The Week in Abstract Art – The Dwan Legacy
Oct 6, 2016
Are you tired of noise, fraud and chaos? Do you crave nuance, rhythm and restraint? Why not go to Vegas? “Wait,” you say, “is Vegas not the world capital of noise, fraud and chaos?” Maybe. But we are not talking about that Vegas. We are talking about Las Vegas, New Mexico. Just north of this sleepy, mountain town is a singularly peaceful destination where art, nature, architecture and the sacred coalesce. The Dwan Light Sanctuary sits atop a wooded hill on the campus of the United World College. Instead of windows, this bio-morphic, natural stone building incorporates prisms into its outer walls that filter overhead sunrays and moonbeams, turning them into ephemeral rainbows that subtly enhance the interior space with an ever-changing, nuanced array of colored light. The sanctuary is free, and always open for individuals to use for peaceful, meditative, reflective, transcendental or religious purposes. Virginia Dwan created the sanctuary in 1996, with solar spectrum artist Charles Ross and architect Laban Wingert. Dwan is the art collector, philanthropist and gallery owner who funded Double Negative, by Michael Heizer, and helped finance Spiral Jetty, by Robert Smithson. The Dwan galleries in Los Angeles and New York helped establish Land Art, Minimalism and Conceptual Art in the 1960s. Dwan also recently donated her entire art collection to the National Gallery of Art in Washington, D.C. The collection includes work by the most important artists from the 1960s and 70s, including Agnes Martin, Sol LeWitt, Yves Klein, Carl Andre and many more. Part of the collection is currently on view at the NGA, after which it will travel to the Los Angeles County Museum of Art. This week, to honor this singularly influential patron of abstract art, here are five current exhibitions featuring some of the artists Virginia Dwan supported.
Agnes Martin, at the Solomon R. Guggenheim Museum, New York
On view 7 October through 11 January 2017
This comprehensive retrospective, which fills the Guggenheim rotunda, covers the entire career of Agnes Martin, from her experimental phase in the 1950s through her death in 2004.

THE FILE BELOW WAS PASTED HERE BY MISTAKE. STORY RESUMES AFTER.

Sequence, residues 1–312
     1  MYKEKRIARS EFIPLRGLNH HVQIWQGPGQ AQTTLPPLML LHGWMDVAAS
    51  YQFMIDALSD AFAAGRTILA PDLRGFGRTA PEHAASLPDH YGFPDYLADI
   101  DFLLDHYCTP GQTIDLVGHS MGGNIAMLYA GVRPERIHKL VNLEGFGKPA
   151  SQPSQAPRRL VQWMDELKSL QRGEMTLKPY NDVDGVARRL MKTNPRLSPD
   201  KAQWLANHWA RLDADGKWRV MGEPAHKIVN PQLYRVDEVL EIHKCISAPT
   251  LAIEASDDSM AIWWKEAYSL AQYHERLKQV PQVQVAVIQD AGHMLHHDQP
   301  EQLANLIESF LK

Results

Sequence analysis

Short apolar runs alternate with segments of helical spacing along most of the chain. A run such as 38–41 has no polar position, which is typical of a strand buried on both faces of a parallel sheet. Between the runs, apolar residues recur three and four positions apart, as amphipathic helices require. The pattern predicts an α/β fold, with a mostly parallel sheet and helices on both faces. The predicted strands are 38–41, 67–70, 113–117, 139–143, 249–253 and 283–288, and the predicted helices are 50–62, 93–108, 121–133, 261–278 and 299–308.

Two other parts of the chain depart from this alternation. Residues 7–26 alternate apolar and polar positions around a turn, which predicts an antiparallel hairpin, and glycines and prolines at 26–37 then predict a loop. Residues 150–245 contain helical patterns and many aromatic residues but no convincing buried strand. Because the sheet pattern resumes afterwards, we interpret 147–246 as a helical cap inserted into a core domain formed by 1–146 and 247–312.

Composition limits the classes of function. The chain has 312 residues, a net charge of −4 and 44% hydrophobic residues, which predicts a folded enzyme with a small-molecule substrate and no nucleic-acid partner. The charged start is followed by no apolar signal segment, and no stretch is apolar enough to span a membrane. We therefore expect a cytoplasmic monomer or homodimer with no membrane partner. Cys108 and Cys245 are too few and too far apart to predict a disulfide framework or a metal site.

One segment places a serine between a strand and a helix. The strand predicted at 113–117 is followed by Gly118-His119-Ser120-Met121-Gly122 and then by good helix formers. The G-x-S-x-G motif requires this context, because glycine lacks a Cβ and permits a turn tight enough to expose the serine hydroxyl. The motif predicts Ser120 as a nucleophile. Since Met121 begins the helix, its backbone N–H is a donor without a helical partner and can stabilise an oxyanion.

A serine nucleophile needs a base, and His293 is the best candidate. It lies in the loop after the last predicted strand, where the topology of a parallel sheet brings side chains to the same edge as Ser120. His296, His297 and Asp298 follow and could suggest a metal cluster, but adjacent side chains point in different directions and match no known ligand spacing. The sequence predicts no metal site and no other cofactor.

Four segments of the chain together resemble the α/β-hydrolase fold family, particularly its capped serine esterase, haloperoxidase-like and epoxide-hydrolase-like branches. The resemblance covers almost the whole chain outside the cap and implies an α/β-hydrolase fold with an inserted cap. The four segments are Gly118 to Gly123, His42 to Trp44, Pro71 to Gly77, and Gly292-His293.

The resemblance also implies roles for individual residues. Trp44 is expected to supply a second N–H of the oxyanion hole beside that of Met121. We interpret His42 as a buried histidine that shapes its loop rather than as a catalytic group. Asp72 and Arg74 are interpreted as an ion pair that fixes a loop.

Agnes Martin - show at Solomon R- Guggenheim Museum, 2016
Sol LeWitt, at Paula Cooper Gallery, New York
On view now through 22 October 2016
This monumental exhibition includes all New York locations of the Paula Cooper Gallery. Multiple wall drawings are on view at 534 West 21st Street. Photography by LeWitt is on view at 521 West 21st Street in conversation with work by Liz Deschenes. A Structure by LeWitt from 1990 is on view at 529 West 21st Street. In addition, prints by LeWitt are on view at 192 Books.
Sol LeWitt - Wall Drawing 368, installation view, Paula Cooper Gallery, New York, 2016
Yves Klein, at Tate Liverpool, England
On view 21 October 2016 through 5 March 2017
This exhibition takes a comprehensive look at the career of Yves Klein, including his iconic monochrome paintings, sculptures, photographs, as well as selections from his Fire Paintings and his Anthropometry series. Included are works never before shown in the UK.
Yves Klein - Anthropométrie de lépoque bleue, 1960
Carl Andre: Sculpture as place, 1958 – 2010, at Musée d’Art Moderne de la Ville de Paris, France
On view 18 October 2016 through 12 February 2017
This monumental exhibition establishes Andre as a leading voice of Minimalism, Land Art and Conceptual Art. It features 40 monumental sculptures, in addition to a wide selection of other works, including poems and works on paper.
Carl Andre - Matter Matters
Los Angeles to New York: Dwan Gallery, 1959–1971, National Gallery of Art, Washington, DC
On view now through 29 January 2017
This exhibition features more than 100 works from artists like Philip Guston, Franz Kline, Ad Reinhardt, Robert Rauschenberg, Claes Oldenburg, Yves Klein, Joseph Kosuth, Arman, Niki di Saint Phalle, Jean Tinguely, Carl Andre, Dan Flavin, Michael Heizer, Robert Morris, Sol LeWitt, Agnes Martin, Robert Ryman, Robert Smithson, and many others.
Arman - La diagonale du fou
Featured image: Virginia Dwan at a Franz Kline exhibition in her Los Angeles gallery, 1962
By Phillip Barcio